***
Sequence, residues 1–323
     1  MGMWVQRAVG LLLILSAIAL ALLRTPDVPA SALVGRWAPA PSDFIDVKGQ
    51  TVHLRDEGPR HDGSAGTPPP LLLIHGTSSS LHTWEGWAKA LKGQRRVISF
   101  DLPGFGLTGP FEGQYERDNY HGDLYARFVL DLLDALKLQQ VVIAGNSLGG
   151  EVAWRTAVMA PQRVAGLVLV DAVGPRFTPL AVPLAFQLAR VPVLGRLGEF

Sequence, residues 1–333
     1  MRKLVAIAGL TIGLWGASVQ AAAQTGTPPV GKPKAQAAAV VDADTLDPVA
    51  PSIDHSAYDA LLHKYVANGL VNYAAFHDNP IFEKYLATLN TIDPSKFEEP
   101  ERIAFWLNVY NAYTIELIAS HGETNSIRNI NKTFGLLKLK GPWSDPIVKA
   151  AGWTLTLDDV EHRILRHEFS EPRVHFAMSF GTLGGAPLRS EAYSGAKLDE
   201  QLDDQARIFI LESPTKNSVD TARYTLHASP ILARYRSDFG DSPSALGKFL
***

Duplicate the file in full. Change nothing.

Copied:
Sequence, residues 1–323
     1  MGMWVQRAVG LLLILSAIAL ALLRTPDVPA SALVGRWAPA PSDFIDVKGQ
    51  TVHLRDEGPR HDGSAGTPPP LLLIHGTSSS LHTWEGWAKA LKGQRRVISF
   101  DLPGFGLTGP FEGQYERDNY HGDLYARFVL DLLDALKLQQ VVIAGNSLGG
   151  EVAWRTAVMA PQRVAGLVLV DAVGPRFTPL AVPLAFQLAR VPVLGRLGEF

Sequence, residues 1–333
     1  MRKLVAIAGL TIGLWGASVQ AAAQTGTPPV GKPKAQAAAV VDADTLDPVA
    51  PSIDHSAYDA LLHKYVANGL VNYAAFHDNP IFEKYLATLN TIDPSKFEEP
   101  ERIAFWLNVY NAYTIELIAS HGETNSIRNI NKTFGLLKLK GPWSDPIVKA
   151  AGWTLTLDDV EHRILRHEFS EPRVHFAMSF GTLGGAPLRS EAYSGAKLDE
   201  QLDDQARIFI LESPTKNSVD TARYTLHASP ILARYRSDFG DSPSALGKFL